THE head of South West Acute Hospital has urged locals to ‘think smart’ about healthcare before opting to visit the Emergency Department.
Commenting on healthcare here Professor Ronan O’Hare, Assistant Director of Acute Services for SWAH, said there was a need to educate the population about all available forms of healthcare rather than limiting treatment options to visiting a GP surgery or a hospital.
Speaking in relation to the Emergency Department he said, “People need to realise that it is for emergencies, it isn’t for common colds or flus or minor aliments.
“A lot of the things we see should be seen by GPs but because of the waiting times and the pressures that GP’s are under they come to the Emergency Department and that clogs up the whole system. It’s not that sick patients won’t get seen, it’s that a lot of their illnesses could be self treated.”
Dr O’Hare, a consultant in anaesthesia and intensive care medicine, remarked that an increasing number of patients are visiting South West Acute Hospital year on year.
Over the past three months the hospital had to deal with over 1,500 patients more than during the corrresponding period last year.
He advised those seeking medical care to consider alternate options before coming to the Emergency Department.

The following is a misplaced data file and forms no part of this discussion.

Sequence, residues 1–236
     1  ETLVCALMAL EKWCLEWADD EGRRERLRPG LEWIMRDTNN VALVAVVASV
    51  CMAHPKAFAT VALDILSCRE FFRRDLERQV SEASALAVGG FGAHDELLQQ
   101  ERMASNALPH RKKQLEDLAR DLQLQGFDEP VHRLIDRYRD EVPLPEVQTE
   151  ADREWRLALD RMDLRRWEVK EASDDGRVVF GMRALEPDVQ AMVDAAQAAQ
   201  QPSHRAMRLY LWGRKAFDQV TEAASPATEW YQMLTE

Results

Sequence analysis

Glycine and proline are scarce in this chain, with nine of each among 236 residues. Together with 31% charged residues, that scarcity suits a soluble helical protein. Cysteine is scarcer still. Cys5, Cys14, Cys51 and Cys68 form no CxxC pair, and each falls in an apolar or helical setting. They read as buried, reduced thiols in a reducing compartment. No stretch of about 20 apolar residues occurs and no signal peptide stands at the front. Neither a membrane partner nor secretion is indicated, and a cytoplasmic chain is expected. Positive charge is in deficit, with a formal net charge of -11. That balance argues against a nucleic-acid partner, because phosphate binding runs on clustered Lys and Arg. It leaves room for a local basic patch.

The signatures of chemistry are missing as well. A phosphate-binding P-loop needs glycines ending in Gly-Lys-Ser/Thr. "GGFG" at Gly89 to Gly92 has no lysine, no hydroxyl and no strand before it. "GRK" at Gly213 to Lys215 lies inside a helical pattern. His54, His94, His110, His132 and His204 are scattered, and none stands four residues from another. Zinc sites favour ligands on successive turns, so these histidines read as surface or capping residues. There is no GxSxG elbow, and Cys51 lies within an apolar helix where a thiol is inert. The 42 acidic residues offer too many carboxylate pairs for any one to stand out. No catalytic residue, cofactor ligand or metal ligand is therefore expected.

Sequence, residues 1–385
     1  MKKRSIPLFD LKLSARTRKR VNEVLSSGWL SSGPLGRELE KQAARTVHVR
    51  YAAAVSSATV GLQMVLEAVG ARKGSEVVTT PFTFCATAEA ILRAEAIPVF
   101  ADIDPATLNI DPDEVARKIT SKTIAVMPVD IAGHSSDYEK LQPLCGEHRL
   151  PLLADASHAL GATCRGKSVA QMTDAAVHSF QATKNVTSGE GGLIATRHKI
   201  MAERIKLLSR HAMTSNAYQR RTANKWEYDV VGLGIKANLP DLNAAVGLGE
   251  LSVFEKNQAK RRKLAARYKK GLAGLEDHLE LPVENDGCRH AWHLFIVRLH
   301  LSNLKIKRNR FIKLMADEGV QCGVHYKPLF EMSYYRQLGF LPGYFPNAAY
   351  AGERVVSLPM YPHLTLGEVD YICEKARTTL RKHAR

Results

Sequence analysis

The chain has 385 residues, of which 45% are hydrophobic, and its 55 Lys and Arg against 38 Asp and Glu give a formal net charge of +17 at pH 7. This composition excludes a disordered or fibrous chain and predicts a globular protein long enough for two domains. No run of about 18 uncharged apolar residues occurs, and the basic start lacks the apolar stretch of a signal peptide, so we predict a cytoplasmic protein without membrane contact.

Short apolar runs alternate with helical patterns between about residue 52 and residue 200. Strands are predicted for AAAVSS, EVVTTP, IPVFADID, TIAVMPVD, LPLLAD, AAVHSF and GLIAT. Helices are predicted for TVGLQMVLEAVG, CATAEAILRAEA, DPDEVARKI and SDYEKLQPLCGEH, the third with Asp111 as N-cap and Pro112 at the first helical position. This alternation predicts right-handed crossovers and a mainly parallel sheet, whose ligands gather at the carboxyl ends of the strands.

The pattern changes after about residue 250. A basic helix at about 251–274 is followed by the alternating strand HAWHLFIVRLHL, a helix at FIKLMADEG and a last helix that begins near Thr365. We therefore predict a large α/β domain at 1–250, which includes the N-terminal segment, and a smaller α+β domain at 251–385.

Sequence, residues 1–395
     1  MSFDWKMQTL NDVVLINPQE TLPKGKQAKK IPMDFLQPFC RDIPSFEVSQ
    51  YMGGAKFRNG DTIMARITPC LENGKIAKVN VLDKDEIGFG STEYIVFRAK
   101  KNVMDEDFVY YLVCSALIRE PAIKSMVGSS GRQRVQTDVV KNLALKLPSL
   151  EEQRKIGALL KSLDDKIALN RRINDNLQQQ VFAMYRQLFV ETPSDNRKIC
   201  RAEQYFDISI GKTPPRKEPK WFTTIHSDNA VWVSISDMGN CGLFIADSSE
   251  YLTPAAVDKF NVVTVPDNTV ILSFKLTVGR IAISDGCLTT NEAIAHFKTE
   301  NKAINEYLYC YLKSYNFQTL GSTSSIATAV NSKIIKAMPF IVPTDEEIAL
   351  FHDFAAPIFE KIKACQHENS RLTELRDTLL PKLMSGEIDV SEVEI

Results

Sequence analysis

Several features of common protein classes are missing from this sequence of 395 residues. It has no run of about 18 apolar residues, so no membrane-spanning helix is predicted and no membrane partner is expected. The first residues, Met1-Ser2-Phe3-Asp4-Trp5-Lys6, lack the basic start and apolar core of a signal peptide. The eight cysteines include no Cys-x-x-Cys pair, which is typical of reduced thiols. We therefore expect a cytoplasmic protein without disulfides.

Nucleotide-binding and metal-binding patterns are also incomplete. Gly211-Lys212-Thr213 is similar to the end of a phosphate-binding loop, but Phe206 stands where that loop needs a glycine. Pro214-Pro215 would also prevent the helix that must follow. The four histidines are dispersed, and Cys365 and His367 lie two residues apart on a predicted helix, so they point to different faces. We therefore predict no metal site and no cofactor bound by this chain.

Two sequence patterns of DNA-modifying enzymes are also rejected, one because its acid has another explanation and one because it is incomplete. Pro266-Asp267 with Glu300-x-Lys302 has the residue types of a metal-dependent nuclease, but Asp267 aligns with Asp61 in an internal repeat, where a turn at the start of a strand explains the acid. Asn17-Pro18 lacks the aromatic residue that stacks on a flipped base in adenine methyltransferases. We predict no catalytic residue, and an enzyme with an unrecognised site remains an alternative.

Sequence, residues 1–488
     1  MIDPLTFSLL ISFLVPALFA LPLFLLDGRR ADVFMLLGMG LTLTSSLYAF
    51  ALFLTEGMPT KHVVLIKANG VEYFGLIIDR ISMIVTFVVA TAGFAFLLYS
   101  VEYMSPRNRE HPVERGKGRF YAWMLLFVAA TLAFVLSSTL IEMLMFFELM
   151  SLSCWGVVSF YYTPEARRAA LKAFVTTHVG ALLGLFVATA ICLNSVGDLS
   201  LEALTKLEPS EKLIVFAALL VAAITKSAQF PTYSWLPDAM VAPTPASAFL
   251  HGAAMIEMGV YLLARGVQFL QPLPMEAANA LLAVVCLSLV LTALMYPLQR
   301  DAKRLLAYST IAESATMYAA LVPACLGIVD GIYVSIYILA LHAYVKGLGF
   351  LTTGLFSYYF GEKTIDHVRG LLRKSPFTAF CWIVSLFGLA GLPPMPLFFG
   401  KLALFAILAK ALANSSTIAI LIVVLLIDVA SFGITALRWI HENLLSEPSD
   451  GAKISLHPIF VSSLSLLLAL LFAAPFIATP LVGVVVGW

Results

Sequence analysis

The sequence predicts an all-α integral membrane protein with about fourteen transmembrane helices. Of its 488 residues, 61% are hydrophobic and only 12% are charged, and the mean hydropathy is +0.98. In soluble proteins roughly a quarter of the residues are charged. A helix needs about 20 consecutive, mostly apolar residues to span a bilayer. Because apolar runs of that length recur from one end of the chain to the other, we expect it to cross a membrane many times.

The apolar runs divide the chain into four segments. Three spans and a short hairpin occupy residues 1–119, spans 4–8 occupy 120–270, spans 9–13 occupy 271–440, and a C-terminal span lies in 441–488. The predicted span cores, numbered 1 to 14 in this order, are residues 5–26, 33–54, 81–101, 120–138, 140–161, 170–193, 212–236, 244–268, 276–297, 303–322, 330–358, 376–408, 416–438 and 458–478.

“There’s so much information out there from local pharmacists and on the internet.
“It used to be years ago that the doctor had all the information and people came to access that to get a diagnosis and treatment. That all exists on the internet. People now come for a direction and a pathway to get treated.”
In accepting he understood that people still like a face to face conversation, he said, “you can access that with your local pharmacist”.
Assurances were also given that the local Emergency Department would be fully staffed over the Christmas period. Dr O’Hare added that a number of recent staff appointments had helped ease pressures on nurses working in the Department.
“In recent times we have permanently appointed an occupational therapist, a physiotherapist and we have just got the funding to employ a full time social worker.
“In addition to that ward clerks and secretarial staff have all been employed in recent times and that releases nurses from having to do tasks such as answering phone calls and dealing with relatives,” he said
“Whilst these are no less important it frees up nurses times for patients.”
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